Based on genetic risk, targeted interventions may not be the best approach for preventing type 2 diabetes and instead universal strategies to prevent obesity should be prioritized.
This is according to new research published in this week's PLOS Medicine
. This analysis, led by Claudia Langenberg from the MRC Epidemiology Unit at the University of Cambridge, UK, suggests that the contribution of genetics to the risk of developing type 2 diabetes is greatest in those who are younger and leaner. However, in this group, the absolute risk of developing type 2 diabetes is low and the number of people who would have to be screened in order to guide targeted prevention would be impractically large.
Diabetes is currently estimated to affect more than 380 million people and the epidemic is likely to increase to 592 million by 2035. Type 2 diabetes is thought to be caused by a combination of genetic and lifestyle factors, such as overweight and physically inactivity. While progress has been made in understanding the genetic basis of type 2 diabetes, the details of how adverse lifestyles combine with genetic risk to determine risk of developing type 2 diabetes are uncertain.
The authors quantified the association of genetic and lifestyle factors with the risk of developing type 2 diabetes in a large cohort of 340,234 people in 8 European countries followed for 11.7 years. In this EPIC-InterAct study, 12,403 people developed type 2 diabetes. The researchers identified an individual's genetic risk by determining how many of a list of 49 known type 2 diabetes genetic variants each study participant carried. They then assessed how this genetic risk contributed to each individual's overall risk of developing type 2 diabetes after several risk factors (such as age, waist circumference, physical activity and Mediterranean diet) were taken into account.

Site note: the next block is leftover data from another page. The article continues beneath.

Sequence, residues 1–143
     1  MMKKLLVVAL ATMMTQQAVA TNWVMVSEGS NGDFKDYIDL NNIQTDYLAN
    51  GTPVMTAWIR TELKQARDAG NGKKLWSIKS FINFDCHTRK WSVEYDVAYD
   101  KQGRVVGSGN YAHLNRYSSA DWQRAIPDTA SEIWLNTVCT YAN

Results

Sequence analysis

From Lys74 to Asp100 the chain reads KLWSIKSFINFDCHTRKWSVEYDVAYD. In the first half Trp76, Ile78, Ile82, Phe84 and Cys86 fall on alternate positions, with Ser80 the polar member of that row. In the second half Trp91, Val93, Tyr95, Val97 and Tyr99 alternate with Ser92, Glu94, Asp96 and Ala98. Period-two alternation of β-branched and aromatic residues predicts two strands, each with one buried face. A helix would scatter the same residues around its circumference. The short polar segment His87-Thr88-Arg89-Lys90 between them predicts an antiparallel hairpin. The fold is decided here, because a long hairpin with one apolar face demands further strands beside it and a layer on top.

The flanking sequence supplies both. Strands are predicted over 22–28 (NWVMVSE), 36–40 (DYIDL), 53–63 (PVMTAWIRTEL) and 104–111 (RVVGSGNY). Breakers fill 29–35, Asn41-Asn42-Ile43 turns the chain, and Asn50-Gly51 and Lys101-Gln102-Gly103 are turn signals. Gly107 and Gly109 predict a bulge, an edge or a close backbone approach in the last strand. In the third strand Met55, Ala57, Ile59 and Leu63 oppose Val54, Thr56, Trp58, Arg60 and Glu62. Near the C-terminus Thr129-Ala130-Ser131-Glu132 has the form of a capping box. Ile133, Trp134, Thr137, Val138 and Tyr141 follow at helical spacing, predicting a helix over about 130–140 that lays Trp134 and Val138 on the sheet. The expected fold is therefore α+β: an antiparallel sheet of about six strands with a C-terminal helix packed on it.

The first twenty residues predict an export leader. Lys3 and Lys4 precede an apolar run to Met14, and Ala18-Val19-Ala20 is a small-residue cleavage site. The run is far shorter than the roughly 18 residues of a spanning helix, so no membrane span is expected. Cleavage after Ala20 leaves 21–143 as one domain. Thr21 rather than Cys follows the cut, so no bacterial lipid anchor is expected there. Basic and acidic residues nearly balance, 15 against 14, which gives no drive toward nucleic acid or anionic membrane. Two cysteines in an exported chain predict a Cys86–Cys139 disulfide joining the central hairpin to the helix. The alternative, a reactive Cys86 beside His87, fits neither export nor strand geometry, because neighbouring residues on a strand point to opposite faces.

They found that the relative increase in risk of type 2 diabetes for each additional adverse gene carried was greatest in participants who were younger and thinner at baseline. However, risk of developing type 2 diabetes was highest in people who were obese, whatever their level of genetic risk for diabetes. The 10-year cumulative incidence of type 2 diabetes was substantially greater for those with the lowest genetic risk who were overweight (1.29%) or obese (4.22%) compared to normal weight individuals with the highest genetic risk (0.89%).
Professor Nick Wareham, who led the EPIC-InterAct study said "this is the largest study to date examining the impact of genetic susceptibility and lifestyle factors on the risk of developing type 2 diabetes". He added that, "the high absolute risk associated with obesity at any level of genetic risk highlights the importance of population-wide, rather than genetically targeted, approaches to promoting healthy lifestyles that minimise excess weight".